Banega Swasth India Project

Hand washing has been considered a world-changing innovation in public health capable of significantly reducing disease burden globally. Soap is an ancient invention, but the connection between handwashing and health was made less than two centuries ago. The latest global estimates by UNICEF suggest that 3 billion people do not have access to soap and water at home, over 800 million children do not have access to soap and water at school, and 32 per cent of health care facilities are not equipped to practice hand hygiene at points of care Evidence from research suggests that hand-washing practices differ with location, caste, income categories, education, and gender.

National Sample Survey 76th round report under- lines the rural-urban divide in India with only 25.3 per cent of households washing hands with soap/detergent before a meal and 66.8 per cent after defecation as opposed to 56.0 per cent and 88.3 per cent in urban areas.

Importance of handwashing has also been enshrined in Goal 6 of the sustainable development goals, under target 6.2, i.e., “By 2030, achieve access to adequate and equitable sanitation and hygiene for all and end open defecation, paying special attention to the needs of women and girls and those in vulnerable situations.“

However, achieving this goal still seems to be a challenge for India. Barriers to achieving this goal include lack of infrastructure as well as cognitive aspects such as traditional yet flawed mindsets ex- acerbated by lack of access to knowledge.

The school hygiene program is a joint initiative between Reckitt Benckiser and ADRA India under the Dettol Banega Swachh India, a flagship, nation-wide sanitation and hygiene campaign initiated by RB. The campaign seeks to drive behaviour change through a multi-faceted approach, which targets schools and community at large. The school programme has been designed keeping in mind the fact that, by changing the behaviour and mindset of school students, they can become a catalyst for change in schools, homes and neighbourhoods. By working with teachers and principals, the right knowledge can be passed on to build good habits in children and future generations.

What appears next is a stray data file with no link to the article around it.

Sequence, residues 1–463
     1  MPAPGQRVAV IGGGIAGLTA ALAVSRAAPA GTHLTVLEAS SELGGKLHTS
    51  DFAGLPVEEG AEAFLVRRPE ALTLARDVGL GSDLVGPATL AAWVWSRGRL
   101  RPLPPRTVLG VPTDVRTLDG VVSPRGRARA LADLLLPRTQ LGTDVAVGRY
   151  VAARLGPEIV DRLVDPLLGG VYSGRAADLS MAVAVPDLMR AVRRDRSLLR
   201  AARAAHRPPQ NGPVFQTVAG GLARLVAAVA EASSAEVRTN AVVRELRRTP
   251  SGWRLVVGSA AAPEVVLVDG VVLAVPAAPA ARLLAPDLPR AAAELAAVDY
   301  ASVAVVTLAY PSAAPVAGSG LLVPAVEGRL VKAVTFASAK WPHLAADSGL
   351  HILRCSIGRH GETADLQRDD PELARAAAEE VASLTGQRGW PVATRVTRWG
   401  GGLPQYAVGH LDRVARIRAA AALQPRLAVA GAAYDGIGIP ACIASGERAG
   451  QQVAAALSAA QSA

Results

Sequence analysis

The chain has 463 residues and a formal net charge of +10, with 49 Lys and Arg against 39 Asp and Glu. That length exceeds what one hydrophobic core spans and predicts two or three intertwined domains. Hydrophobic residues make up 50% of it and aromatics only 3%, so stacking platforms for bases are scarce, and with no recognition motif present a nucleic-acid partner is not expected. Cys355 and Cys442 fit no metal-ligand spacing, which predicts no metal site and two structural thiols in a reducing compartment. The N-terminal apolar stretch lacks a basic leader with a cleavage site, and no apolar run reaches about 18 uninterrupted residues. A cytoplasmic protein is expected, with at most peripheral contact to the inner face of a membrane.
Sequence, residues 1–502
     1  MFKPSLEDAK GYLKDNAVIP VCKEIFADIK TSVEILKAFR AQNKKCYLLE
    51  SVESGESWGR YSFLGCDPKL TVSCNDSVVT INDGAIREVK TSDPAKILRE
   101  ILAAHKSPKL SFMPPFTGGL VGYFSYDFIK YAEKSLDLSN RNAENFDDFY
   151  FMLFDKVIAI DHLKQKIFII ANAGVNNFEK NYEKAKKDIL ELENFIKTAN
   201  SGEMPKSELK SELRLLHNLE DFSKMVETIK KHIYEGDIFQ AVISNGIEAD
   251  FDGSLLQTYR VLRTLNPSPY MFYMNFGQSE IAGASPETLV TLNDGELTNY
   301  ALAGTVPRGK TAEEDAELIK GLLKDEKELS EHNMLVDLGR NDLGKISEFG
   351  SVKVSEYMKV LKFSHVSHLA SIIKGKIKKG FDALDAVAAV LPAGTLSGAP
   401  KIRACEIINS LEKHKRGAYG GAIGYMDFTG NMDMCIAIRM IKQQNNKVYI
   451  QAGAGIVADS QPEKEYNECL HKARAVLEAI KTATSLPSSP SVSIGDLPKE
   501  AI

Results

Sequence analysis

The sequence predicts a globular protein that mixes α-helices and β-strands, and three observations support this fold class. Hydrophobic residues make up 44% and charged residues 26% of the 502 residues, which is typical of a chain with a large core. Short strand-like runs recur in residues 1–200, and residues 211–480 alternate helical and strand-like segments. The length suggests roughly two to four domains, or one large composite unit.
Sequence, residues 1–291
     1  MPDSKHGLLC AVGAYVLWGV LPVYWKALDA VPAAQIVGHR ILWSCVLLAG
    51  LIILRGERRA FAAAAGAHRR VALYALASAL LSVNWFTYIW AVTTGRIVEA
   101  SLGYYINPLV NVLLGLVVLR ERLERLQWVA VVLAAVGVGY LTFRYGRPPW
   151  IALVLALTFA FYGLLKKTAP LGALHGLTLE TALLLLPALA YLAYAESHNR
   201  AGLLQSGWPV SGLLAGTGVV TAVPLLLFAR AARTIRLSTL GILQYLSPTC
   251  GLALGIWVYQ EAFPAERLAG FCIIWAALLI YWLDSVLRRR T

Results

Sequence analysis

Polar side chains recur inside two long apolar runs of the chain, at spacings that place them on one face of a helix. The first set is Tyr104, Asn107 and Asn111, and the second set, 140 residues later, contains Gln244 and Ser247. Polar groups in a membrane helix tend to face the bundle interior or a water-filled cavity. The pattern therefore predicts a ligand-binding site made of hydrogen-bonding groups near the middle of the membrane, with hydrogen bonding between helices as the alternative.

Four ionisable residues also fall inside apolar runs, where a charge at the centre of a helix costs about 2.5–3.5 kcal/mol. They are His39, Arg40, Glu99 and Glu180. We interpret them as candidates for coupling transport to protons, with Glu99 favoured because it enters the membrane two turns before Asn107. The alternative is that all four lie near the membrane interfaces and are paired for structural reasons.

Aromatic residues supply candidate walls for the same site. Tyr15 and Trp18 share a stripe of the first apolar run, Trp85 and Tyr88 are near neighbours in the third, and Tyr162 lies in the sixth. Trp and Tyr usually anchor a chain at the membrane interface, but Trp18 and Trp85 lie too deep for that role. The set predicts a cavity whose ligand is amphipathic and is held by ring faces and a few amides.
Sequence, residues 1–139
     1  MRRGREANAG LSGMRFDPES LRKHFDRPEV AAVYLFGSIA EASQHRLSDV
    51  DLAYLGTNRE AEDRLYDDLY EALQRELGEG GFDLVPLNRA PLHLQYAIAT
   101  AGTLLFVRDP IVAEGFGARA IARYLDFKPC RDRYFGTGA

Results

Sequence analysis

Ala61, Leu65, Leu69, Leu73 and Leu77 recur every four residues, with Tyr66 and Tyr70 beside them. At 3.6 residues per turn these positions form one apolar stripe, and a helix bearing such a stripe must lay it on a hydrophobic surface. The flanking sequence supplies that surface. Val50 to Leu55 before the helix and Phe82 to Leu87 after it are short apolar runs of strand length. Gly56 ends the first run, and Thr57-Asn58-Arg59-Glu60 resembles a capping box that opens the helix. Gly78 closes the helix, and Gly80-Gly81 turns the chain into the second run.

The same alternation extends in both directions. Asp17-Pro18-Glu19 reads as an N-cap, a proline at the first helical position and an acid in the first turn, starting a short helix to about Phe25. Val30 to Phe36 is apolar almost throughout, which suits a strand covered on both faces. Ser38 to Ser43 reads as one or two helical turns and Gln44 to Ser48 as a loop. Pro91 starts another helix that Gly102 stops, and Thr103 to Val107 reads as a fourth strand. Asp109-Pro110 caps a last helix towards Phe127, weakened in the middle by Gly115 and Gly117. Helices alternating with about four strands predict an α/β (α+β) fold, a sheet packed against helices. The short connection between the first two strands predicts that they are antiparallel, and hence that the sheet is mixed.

ADRA India joined Dettol Banega Swachh India in December 2015 as an implementation partner for the School Hygiene and initiated the school hygiene program in Uttar Pradesh & Bihar with 500 schools.

After successful implementation in previous 3 years, the project continued its journey with 3070 primary schools of 7 districts of Uttar Pradesh and Bihar in the year 2019- 20 (Ayodhya, Etawah, Gorakhpur, Varanasi, Lucknow & Noida and Bhagalpur).

This programme aims to ensure that children have good hygiene and sanitation practices instilled in them from an early age, making them a catalyst for change in their respective families. Through this programme, government school teachers are delivering sanitation and hygiene curriculum, aimed at driving behavioral change in students and building awareness in the surrounding communities the schools operate in.

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